THE SQUADRON STANDARD
Western Front 1915-1918*, Somme 1916*, Arras, Cambrai 1917*, Somme 1918, Hindenburg Line*, France and Low Countries 1939-1940, Meuse Bridges*, Dunkirk, Invasion Ports 1940, Fortress Europe 1941-1944, Ruhr 1941-1945*, Berlin 1941-1945*, Biscay Ports 1941-1945, France and Germany 1944-1945, Normandy 1944*, Gulf 1991*.
(Honours marked with an asterisk, are emblazoned on the Squadron Standard)
In 1943 His Majesty King George VI marked the 25th Anniversary of the formation of the RAF by granting to operational flying squadrons who met specific qualifications the right to a ceremonial flag to be known as “The Standard”. The Standard is the embodiment of the squadron and the symbol under which it fights. Its presence on parade or at a ceremony represents that of the Squadron to which it belongs.
The general design of The Standard was chosen in 1947 and was approved by the King in June 1950. The first Standard to be presented, in April 1953, was that of No.1 Squadron by Air Vice-Marshal Sir Charles Longcroft who had been the Squadron’s first Commanding Officer.
The practice of having Colours and Standards within the RAF has been inherited from the Army, through the Royal Flying Corps connection, with the RAF Colours based on the RAF Ensign. The RAF Regiment follows a similar practice to that of the Royal Marines in that is has its own Colour for the RAF Regiment as a whole and also individual Squadron Standards. In so doing, both the Royal Marines and RAF Regiment show their link to the Army infantry role.
The concept of colours and standards is extremely old; to the Roman Legions the loss of their Eagle was an unmitigated disgrace. Banners, flags and pennants decorated medieval battlefields and they were used to identify friend from foe and to act as rallying points. The English Civil War saw the first real military flags such as we would recognise today, a period that also saw the beginnings of the modern Army.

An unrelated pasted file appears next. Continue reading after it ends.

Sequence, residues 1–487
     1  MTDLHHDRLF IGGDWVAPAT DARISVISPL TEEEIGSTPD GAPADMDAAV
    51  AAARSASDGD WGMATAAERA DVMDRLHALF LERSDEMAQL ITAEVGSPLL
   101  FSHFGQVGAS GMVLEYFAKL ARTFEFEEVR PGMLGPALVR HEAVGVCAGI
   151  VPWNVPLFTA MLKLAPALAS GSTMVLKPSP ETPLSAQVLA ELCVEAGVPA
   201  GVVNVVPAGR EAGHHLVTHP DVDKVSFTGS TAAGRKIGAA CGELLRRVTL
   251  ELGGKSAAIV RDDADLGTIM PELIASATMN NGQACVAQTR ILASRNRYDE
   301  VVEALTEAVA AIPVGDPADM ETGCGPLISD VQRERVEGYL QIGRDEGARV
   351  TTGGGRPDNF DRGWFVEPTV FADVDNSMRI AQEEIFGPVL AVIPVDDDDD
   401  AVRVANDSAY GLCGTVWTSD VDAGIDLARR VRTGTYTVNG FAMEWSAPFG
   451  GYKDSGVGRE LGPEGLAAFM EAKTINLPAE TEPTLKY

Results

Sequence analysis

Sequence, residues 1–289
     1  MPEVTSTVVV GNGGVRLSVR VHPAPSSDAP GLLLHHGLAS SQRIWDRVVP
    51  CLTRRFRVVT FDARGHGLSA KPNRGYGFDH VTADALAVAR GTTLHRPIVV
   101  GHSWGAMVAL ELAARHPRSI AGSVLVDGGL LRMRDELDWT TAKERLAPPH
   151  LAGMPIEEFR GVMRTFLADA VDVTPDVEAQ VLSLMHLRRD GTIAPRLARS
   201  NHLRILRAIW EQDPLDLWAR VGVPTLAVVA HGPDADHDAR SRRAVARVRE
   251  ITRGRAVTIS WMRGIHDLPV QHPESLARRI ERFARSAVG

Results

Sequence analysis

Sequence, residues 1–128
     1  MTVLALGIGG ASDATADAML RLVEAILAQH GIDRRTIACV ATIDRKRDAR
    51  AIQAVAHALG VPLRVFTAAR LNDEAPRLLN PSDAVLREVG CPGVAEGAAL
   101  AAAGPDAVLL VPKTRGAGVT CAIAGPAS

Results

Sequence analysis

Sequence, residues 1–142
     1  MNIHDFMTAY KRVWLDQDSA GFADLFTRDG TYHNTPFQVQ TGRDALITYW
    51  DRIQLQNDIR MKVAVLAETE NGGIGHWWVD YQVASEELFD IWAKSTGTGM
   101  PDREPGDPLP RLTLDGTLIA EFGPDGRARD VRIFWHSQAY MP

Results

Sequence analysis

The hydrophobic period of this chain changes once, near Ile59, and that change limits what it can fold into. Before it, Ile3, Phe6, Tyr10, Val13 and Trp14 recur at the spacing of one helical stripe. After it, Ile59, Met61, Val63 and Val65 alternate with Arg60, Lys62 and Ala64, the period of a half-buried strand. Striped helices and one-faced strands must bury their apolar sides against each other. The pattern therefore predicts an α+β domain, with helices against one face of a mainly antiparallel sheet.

Despite an order given in 1811 that Colours and Standards should no longer be carried into battle, the practice continued until 1881. Men continued to die fighting to save their Colours and thereby the honour of the regiment. The last time Colours were carried into battle was in January 1881 during the 1st Boer War.
The award of the XV Squadron Standard was originally announced on 15 January 1952, effective from 01 April 1951 but presented to the Squadron on 03 May 1961 by HRH Princess Marina, Duchess of Kent. The second Standard was presented by Sqn Ldr P J S Boggis on 08 May 1981. The third and current Standard was presented on 10 December 2008 by HRH Prince Andrew, Duke of York.
Webdesign by XV Squadron Association 2015